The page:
Gynecologic cancer is a group of cancers that affect the tissue and organs of the female reproductive system. Because each type of gynecological cancer is unique, we feel it’s important that you have as much information as possible. Understanding more about your specific condition and the different types of gynecologic cancers can help you better navigate your gynecologic cancer journey.
While there are six main types of gynecologic cancers, there are three that are more common than the others. We offer extensive information on each of the following types of female cancers:
Below is information regarding less common types of gynecological cancers.
Vaginal cancer is a rare cancer that begins in the vagina with two-thirds of the cases being caused by certain types of human papillomavirus (HPV). There are five primary types of cancers that form in the vagina that include:
Vulvar cancer usually forms slowly over years, most often on the vaginal lips or the sides of the vaginal opening. Infection with human papillomavirus (HPV) causes about half of all vulvar cancers. The most common is squamous cell carcinoma, which usually develops on the labia and accounts for about 90% of vulvar cancers.
Other, less common vulvar cancers include melanoma, sarcoma, adenocarcinoma (starts in the Bartholin’s glands or vulvar sweat glands), and verrucous carcinoma, a slow-growing subtype of squamous cell carcinoma that resembles a wart.
Fallopian tube cancer is incredibly rare, accounting for only 1-2% of all gynecologic cancers. It typically forms in the cells that line the inside of the fallopian tubes, the two tiny ducts that connect the ovaries to the uterus.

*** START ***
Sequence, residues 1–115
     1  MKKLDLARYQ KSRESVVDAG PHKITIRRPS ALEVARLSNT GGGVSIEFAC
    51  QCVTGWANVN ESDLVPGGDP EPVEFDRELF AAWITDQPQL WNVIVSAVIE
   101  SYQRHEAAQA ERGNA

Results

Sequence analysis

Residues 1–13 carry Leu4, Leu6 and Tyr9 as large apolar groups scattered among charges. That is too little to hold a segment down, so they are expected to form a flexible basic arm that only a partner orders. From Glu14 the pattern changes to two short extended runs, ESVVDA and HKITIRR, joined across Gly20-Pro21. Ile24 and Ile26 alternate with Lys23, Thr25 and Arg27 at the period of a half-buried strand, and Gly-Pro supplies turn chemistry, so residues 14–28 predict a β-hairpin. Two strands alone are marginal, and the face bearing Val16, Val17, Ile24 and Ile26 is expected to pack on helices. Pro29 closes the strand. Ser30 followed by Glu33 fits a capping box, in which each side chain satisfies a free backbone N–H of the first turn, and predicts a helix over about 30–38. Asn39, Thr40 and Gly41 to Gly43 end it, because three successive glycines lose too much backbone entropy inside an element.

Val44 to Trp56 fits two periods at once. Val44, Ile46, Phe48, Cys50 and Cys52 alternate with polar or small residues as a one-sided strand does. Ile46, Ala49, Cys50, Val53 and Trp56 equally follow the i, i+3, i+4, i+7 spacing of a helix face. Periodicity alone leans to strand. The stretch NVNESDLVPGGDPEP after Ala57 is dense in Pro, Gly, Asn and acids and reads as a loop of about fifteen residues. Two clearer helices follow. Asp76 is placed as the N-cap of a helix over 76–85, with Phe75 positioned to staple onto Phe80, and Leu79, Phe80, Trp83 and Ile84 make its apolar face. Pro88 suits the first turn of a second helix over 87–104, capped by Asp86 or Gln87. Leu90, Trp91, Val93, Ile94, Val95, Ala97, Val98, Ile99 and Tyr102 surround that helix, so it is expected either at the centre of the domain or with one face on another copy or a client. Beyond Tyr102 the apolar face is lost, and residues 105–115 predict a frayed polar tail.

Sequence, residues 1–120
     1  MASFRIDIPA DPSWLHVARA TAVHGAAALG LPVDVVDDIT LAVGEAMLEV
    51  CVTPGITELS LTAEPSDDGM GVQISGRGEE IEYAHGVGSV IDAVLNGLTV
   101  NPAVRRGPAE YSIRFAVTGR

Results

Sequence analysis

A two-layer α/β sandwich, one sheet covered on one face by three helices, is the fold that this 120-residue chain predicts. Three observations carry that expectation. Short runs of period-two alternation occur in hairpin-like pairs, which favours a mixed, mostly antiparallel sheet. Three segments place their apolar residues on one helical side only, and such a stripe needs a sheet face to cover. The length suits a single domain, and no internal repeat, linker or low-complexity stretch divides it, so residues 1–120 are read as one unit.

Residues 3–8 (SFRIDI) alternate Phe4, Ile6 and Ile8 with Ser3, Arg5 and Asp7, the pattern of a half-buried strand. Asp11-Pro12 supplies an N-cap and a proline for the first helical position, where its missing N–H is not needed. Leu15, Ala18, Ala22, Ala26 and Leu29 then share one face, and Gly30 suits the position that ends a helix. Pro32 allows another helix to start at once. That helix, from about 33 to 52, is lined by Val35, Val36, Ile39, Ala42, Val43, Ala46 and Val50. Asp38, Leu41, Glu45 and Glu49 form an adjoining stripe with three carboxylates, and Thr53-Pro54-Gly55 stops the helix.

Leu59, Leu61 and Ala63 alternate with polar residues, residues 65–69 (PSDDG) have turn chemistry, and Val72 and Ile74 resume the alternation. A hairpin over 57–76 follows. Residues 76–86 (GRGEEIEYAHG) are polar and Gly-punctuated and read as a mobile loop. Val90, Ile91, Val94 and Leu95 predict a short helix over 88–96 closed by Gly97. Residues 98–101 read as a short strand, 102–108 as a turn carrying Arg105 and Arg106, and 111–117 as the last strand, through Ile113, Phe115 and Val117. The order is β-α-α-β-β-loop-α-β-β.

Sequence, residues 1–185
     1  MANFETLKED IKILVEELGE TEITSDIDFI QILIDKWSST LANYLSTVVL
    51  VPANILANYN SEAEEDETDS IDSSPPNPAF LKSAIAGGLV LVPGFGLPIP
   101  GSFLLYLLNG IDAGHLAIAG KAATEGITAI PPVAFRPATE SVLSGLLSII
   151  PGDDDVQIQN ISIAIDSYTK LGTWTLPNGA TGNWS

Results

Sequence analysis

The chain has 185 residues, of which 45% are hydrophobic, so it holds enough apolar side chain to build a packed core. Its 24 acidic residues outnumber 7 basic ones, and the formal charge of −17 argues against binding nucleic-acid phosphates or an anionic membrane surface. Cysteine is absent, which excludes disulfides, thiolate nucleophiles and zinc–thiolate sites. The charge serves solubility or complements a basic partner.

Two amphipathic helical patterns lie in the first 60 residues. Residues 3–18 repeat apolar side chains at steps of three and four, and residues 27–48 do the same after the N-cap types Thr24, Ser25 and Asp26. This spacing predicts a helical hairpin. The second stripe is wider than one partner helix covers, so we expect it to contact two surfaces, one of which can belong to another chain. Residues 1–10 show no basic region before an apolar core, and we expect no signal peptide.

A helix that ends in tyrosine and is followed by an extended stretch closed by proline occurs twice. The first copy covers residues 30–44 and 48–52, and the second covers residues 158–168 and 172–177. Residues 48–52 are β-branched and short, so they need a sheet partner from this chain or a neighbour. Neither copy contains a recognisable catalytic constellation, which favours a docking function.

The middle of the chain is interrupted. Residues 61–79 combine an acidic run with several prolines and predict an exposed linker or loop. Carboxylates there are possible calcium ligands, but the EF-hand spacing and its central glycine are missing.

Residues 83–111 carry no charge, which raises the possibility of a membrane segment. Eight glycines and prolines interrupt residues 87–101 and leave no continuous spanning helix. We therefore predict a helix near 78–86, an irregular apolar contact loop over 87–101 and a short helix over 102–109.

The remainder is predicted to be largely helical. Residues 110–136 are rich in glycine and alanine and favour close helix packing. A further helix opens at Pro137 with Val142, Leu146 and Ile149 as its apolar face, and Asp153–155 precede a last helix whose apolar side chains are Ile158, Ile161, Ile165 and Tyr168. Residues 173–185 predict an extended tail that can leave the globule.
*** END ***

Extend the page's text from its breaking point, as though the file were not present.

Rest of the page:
The most common type of fallopian tube cancer is called adenocarcinoma (a cancer of cells from glands). Leiomyosarcoma (a cancer of smooth muscle cells) and transitional cell carcinoma (a cancer of the cells lining the fallopian tubes) are even more rare.
While some fallopian tube cancers actually begin in the tubes themselves, fallopian tube cancer is more often the result of cancer spreading from other parts of the body to the tubes.
Gestational trophoblastic disease (GTD) is a general term for rare tumors that form from the tissues surrounding a fertilized egg. The most common type of GTD is a hydatidiform mole (HM), a slow-growing tumor that develops from trophoblastic cells (cells that help an embryo attach to the uterus and help form the placenta) after fertilization of an egg by a sperm.
The good news is that GTD is often found early and in most cases, cured.
In addition to treating and caring for women with cancers of the female reproductive organs, the gynecologic specialists at Rocky Mountain Cancer Centers also specialize in pre-cancers and non-cancerous gynecologic conditions, as well as pregnancy-related tumors.
Most non-cancerous medical conditions of the female reproductive system are not serious and in many cases will resolve themselves or can be treated with medications.
There are times, however, that surgical intervention is needed. Below are some examples of gynecologic conditions that may require surgery.